The first thing that I noticed when I landed on the Eastern Caribbean island of Grenada was the emerald green landscape, dotted with mountains rising up over the crystalline waves. The second thing that struck me was that Grenada isn’t just visually distinctive, it also has a particular aroma. I didn’t recognize the spicy, woodsy smell that floated through the air, but I would soon learn that it was nutmeg. An important crop for a country nicknamed the Spice Isle, nutmeg played a lead role in my discovery of Grenada’s culinary offerings and the ultimate dish that stole my heart.
For years, I longed to explore Grenada’s legendary beaches, waterfalls, and rainforests, but I especially wanted to sample the island’s equally notable food; nothing tops a place that offers natural beauty and a rich culinary history. I started with a dune buggy ride through the Annandale Rainforest, where I glimpsed anthuriums and orchids as well as breadfruit and cashew trees. It seemed like wherever I went, from the forests to the beaches and roads, I was never more than a few steps from something edible: fresh ground spices and pepper sauces in the St. George Spice Market, creamy soursop sold on the street, fried bakes and smoked herring at local restaurants, and roast corn and curried chicken roti on the beach. But it was a visit to the Gouyave Nutmeg Processing Station where Grenada’s culinary heritage really came together for me.
Since the 18th century, nutmeg has grown in Grenada’s fertile soil, along with cinnamon, ginger, and clove. The island produces 40% of the world’s nutmeg crop; the spice is so important that it’s displayed on the country’s flag. As I watched the nutmeg pods being sorted by hand at Gouyave, I was surprised to learn that nutmeg is used for much more than flavoring savory dishes. “Grenada’s gold” is used in ice cream, jellies, and even as a pain-relieving lotion and insect repellant. John, a talkative local who worked at the plant, explained that Grenadians take pride in their island’s bounty and try to find as many uses for native produce as possible, often layering many ingredients and flavors within a single dish.
“Nothing represents that blend more than our national dish, which is oil down,” John said. I had previously heard about this substantial stew, which features island staples like callaloo, breadfruit, and coconut milk, but I had never seen it offered on any menus, even at the restaurants I had visited in Grenada’s capital of St. George’s. Turns out that although a few eateries serve the dish, it’s the kind of home-cooked specialty that’s prepared on weekends and on special occasions across the island. It’s even cooked over outdoor fire pits with friends on Independence Day (February 7). John, who took pity on my lack of familiarity with oil down, invited me to taste the dish at his grandfather’s house in the pretty town of Dunfermline.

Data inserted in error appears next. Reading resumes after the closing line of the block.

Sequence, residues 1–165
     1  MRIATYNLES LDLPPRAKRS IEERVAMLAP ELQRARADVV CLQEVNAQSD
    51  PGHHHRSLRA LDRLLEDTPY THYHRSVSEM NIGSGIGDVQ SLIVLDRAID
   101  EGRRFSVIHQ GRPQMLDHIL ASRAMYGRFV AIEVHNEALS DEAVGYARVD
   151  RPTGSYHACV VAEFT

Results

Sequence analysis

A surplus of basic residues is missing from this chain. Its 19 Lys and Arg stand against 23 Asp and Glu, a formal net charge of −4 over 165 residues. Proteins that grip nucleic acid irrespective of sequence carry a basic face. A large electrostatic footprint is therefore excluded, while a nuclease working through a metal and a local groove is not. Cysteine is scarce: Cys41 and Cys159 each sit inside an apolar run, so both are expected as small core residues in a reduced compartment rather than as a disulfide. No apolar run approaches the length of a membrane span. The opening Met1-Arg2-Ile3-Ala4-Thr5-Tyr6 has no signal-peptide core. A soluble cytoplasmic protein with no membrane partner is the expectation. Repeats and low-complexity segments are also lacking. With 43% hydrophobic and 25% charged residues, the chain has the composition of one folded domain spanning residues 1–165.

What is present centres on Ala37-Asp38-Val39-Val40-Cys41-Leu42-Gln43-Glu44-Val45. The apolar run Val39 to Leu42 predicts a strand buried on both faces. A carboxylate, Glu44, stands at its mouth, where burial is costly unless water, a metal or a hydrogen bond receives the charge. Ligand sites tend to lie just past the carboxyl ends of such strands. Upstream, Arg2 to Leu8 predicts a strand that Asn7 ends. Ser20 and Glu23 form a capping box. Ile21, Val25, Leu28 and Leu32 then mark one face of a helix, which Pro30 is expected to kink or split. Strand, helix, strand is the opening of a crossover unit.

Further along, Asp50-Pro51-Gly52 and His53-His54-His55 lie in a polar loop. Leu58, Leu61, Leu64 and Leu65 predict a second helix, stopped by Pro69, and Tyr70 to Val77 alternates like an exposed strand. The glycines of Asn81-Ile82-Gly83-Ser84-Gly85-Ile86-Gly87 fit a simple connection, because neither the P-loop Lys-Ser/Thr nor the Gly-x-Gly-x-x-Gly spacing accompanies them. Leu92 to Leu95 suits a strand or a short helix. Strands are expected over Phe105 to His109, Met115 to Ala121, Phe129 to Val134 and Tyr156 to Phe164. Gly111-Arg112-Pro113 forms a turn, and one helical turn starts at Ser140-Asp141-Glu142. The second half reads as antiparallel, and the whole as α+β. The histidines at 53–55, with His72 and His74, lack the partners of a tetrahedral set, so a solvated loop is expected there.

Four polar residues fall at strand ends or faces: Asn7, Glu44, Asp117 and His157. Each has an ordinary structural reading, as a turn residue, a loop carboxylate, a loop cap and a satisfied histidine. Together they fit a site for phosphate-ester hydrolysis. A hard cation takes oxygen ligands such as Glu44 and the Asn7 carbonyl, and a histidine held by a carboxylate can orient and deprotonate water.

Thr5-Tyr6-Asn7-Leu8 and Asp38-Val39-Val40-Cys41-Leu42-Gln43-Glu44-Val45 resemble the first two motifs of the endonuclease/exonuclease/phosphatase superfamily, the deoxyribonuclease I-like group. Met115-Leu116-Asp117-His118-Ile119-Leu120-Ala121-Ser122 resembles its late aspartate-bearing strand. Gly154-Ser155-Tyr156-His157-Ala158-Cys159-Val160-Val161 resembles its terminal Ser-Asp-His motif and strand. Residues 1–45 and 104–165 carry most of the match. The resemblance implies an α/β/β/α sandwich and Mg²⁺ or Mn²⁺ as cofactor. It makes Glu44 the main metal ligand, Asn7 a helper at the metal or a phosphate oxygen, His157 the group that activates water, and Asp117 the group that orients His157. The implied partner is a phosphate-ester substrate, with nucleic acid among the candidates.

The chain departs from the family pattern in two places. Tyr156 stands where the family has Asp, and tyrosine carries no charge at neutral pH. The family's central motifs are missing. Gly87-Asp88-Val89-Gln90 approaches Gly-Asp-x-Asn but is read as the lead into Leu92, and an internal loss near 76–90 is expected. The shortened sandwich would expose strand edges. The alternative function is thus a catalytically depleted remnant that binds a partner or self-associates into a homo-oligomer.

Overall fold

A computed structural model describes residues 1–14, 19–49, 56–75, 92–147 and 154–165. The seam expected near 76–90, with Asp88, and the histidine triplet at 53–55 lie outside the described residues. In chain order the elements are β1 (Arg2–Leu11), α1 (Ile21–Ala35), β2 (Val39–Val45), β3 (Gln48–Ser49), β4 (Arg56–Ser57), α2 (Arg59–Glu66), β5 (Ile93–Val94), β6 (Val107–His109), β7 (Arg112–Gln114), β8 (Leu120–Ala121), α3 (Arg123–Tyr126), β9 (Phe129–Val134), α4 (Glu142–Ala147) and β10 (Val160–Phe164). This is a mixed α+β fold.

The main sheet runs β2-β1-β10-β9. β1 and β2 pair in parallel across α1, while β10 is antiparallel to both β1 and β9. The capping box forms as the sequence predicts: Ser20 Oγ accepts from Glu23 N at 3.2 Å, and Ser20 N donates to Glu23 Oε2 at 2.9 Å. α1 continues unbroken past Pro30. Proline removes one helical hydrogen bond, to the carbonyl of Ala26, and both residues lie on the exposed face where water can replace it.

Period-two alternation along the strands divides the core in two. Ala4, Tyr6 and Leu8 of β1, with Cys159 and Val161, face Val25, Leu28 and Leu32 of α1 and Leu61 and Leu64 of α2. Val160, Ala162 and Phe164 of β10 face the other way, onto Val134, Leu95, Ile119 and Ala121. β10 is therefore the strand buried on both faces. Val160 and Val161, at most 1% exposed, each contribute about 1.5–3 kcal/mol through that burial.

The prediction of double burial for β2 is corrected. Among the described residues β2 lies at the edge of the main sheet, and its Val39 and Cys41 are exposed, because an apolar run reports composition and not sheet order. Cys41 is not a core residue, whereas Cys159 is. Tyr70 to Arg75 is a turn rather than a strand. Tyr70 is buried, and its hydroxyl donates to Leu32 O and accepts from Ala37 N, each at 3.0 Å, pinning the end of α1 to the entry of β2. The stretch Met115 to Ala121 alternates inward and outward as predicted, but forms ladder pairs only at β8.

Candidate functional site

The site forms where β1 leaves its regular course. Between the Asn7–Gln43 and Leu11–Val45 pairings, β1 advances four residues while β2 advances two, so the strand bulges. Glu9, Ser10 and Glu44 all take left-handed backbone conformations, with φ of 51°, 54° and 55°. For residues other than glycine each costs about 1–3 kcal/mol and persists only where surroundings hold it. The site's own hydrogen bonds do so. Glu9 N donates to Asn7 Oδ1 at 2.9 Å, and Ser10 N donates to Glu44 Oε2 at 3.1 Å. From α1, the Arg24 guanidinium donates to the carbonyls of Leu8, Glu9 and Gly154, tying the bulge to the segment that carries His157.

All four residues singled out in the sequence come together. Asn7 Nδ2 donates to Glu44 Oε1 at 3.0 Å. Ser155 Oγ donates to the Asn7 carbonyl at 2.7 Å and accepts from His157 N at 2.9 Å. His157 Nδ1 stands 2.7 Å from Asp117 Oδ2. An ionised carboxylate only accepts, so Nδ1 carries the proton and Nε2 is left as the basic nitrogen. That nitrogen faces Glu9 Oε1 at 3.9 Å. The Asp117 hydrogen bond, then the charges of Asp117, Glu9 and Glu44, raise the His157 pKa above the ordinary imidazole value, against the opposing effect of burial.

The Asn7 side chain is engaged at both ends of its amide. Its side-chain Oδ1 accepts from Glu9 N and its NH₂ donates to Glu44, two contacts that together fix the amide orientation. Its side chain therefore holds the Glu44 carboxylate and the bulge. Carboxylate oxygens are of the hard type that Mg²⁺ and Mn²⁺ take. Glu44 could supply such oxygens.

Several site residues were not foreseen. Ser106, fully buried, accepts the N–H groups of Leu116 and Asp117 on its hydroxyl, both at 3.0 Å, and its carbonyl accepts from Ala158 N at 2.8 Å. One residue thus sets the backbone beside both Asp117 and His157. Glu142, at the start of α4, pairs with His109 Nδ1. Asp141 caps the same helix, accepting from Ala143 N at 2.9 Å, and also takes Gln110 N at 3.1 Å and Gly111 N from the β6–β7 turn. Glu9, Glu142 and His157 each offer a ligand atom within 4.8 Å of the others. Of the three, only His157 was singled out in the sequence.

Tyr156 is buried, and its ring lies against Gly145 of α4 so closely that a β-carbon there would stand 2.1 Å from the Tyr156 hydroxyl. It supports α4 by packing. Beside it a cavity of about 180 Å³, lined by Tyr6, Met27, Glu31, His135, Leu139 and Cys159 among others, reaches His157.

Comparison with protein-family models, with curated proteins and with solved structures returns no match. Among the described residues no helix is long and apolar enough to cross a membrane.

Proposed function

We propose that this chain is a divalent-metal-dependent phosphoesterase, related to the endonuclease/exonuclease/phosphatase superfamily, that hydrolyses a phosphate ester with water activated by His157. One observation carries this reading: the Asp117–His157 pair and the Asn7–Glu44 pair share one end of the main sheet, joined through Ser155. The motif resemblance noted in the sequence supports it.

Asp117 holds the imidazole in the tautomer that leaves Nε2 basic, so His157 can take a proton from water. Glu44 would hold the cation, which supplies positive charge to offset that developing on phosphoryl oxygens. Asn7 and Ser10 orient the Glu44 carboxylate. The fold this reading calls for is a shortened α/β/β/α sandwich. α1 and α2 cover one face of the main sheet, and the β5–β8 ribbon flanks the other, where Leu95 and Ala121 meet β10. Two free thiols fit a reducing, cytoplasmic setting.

In a large house that looked like a gingerbread cottage lined with flowers, I saw a big pot filled with starchy “ground provisions.” John explained that the pot had to be big enough for all the ingredients to “swim around.” The name “oil down” itself actually comes from the fact that the coconut oil and meat juices settle down at the bottom of the pot. I was served a calabash bowl brimming with a rich turmeric broth (turmeric is referred to in Grenada as saffron) and big pieces of green bananas, breadfruit, and dumplings. “There’s no real oil down without dumplings,” explained John.
We sat on the veranda with red hibiscus flowers waving in the background as I spooned up the heavy mixture. I tasted the fresh callaloo leaves and the richness of the coconut milk spiced with saffron and pepper. The starchy bananas, breadfruit, and carrots offset the mild spiciness, and the fish and dumplings complemented and intensified all the other flavors. Considering how creamy and hearty it was, I was surprised that I didn’t feel overly full as I finished my first bowl and started in on another.
John explained that everyone uses different meat for their oil down. Traditionally, a combination of salted beef or pork (pigtails, snout) and salted fish (mackerel, cod) comprise the base of the recipe, but his version skipped the pork and beef, so it was a little lighter. John’s genial grandfather smiled as he pointed out that oil down reflects the green (callaloo), red (carrots), and yellow (saffron) of Grenada’s flag. I looked down at the starchy mixture that stuck together in my bowl: the individual colors faded into each other, all the flavors working together in service of the overall dish. Oil down didn’t just represent Grenada’s local ingredients. It embodied Grenada in other ways, too: something more than the sum of its parts, a testament to the individuals who had made it all that it is.